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The Charge 6 has an improved heart rate sensor

The Fitbit Charge 6 features the same array of health sensors as its predecessor – and it’s still the most advanced fitness tracker on the market.

Both devices have an ECG sensor to check your heart rate rhythm and produce a graph in the Fitbit app that can be shared with your doctor.

However, both will also screen your heart rate for signs of AFib or irregular heart rate rhythms in real-time, making them powerful wellness tools. It will also notify of abnormally high or low heart rate.

There’s also an electrodermal activity sensor (EDA) which looks for signs of physical stress, which feeds into the Fitbit stress tracking. However, it’s not something we found hugely insightful in our review period on Charge 5, but interesting for those who find stress something they’d like to track.

The heart rate sensor algorithms have been improved for high heart rate, but there’s no real difference in terms of basic daily HR tracking – which was already excellent on the Charge 5.

The Fitbit platform is one of the best out there – and a huge draw to the Charge series of trackers. Both will keep tabs on sleep and key wellness metrics as part of the Health Metrics Dashboard, which shows your current levels of resting HR, breathing rate, SpO2, and body temperature against personal baselines.

All of these are expanded in detail by the Fitbit Premium subscription – which is another $9.99/£7.99 per month on top.

Smart features

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The Charge 5 showing notifications (with Fitbit Luxe)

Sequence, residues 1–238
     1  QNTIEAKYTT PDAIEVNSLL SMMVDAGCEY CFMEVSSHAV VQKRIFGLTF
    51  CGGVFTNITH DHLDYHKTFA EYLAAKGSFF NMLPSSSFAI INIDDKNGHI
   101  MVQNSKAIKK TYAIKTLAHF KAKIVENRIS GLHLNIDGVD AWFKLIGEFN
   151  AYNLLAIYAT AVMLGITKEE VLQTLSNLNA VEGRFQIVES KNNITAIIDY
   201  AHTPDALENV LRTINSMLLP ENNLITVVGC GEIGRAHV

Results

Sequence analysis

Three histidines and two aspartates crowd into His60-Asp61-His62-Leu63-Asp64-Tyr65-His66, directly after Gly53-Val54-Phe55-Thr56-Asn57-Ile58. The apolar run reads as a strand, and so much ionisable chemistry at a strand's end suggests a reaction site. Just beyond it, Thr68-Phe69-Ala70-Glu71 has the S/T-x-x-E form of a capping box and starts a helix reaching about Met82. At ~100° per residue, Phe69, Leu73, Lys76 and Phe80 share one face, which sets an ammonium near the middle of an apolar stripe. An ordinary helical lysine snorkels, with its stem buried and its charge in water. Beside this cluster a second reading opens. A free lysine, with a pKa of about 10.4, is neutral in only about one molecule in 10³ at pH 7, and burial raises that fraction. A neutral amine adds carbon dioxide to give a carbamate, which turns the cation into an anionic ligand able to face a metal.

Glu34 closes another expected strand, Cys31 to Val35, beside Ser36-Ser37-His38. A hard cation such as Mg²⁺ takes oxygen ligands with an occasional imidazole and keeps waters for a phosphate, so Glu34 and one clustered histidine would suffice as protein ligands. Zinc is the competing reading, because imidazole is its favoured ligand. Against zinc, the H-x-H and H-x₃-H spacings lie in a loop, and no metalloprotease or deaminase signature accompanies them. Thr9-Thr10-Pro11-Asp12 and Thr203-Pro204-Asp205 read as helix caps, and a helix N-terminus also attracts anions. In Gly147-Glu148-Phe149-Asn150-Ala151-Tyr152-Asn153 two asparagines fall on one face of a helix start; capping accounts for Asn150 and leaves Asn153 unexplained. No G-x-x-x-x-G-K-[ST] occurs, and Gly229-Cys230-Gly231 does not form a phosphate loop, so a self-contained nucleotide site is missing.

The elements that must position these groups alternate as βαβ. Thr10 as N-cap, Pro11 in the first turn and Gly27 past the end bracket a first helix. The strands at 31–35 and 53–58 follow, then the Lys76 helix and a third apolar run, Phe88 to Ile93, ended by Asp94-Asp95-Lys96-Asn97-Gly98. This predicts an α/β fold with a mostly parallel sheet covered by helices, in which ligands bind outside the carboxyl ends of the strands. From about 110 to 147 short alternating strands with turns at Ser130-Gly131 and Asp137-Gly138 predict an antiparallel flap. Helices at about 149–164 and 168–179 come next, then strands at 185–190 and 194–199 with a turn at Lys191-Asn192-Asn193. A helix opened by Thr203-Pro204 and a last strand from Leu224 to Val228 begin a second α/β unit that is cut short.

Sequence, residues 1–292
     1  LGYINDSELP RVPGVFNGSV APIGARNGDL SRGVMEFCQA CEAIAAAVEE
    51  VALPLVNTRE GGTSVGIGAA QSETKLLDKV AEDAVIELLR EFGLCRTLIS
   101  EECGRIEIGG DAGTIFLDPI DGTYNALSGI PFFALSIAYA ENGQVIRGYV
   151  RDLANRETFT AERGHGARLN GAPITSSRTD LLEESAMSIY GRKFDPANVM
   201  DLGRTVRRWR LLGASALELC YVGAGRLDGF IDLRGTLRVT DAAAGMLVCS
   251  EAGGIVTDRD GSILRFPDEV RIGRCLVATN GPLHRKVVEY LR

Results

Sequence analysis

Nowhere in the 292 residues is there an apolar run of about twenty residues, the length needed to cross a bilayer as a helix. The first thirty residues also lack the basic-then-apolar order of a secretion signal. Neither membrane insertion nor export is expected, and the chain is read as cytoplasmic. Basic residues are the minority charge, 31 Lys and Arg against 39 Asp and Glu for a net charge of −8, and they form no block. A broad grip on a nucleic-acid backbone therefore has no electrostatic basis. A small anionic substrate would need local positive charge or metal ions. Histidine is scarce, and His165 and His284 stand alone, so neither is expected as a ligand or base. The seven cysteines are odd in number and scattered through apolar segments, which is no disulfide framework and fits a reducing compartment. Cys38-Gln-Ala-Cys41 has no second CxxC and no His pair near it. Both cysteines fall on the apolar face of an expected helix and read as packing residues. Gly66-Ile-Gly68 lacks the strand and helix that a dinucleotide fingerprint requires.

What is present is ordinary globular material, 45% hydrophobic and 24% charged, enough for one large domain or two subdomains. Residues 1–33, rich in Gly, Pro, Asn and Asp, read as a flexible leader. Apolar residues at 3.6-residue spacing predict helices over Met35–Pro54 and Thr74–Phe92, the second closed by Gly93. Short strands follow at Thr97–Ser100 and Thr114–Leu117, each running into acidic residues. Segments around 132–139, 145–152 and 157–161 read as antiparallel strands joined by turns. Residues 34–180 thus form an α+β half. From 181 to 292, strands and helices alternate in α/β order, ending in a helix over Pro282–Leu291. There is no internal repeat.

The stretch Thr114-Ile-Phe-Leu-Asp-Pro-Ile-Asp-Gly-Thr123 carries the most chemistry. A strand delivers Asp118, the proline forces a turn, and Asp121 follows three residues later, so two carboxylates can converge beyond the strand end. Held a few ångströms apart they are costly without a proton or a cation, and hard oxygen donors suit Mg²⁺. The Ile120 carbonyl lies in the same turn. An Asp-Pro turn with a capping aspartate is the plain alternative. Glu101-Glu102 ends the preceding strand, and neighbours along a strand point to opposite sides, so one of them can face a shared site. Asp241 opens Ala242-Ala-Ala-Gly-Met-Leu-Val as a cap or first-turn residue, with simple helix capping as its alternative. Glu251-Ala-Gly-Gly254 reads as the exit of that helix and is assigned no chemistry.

The biggest changes between the Charge 5 and Charge 6 come in terms of smart features and the adoption of Google services.

The Charge 6 has a Google Maps integration and can display turn-by-turn directions on the screen. This worked well in our testing and can be a useful feature.

Google Wallet is now supported, so you can make payments from the wrist using Google Pay instead of Fitbit Pay on the Charge 5. 

Fitbit Pay support was quite limited, and this is a feature users have been crying out for – however, at this time it doesn’t look like Google will retrospectively roll this out for older Fitbit devices. 

This makes the Charge 6 feel even more useful – and certainly makes for a better all-round device.

Verdict: which is best for you?

Everyone is a winner with this update. If you're into HIIT classes or getting sweaty at the gym, then getting the Charge 6 over the Charge 5 seems like a no-brainer. Add in the new Google services and it may even be worth upgrading.

If you're not much of a gym-goer, but are here for general wellness and health tracking features, then picking up a cut-price Fitbit Charge 5 is a great way to save some money.

These two are still so far ahead of the rest of the fitness tracker world it's crazy.

But remember, if it's steps and sleep tracking you want, then the Xiaomi Mi Band 8 and Huawei Band 8 are both even cheaper.

How we test

James Stables


James is the co-founder of Wareable, and he has been a technology journalist for 15 years.

He started his career at Future Publishing, James became the features editor of T3 Magazine and T3.com and was a regular contributor to TechRadar – before leaving Future Publishing to found Wareable in 2014.

James has been at the helm of Wareable since 2014 and has become one of the leading experts in wearable technologies globally. He has reviewed, tested, and covered pretty much every wearable on the market, and is passionate about the evolving industry, and wearables helping people achieve healthier and happier lives.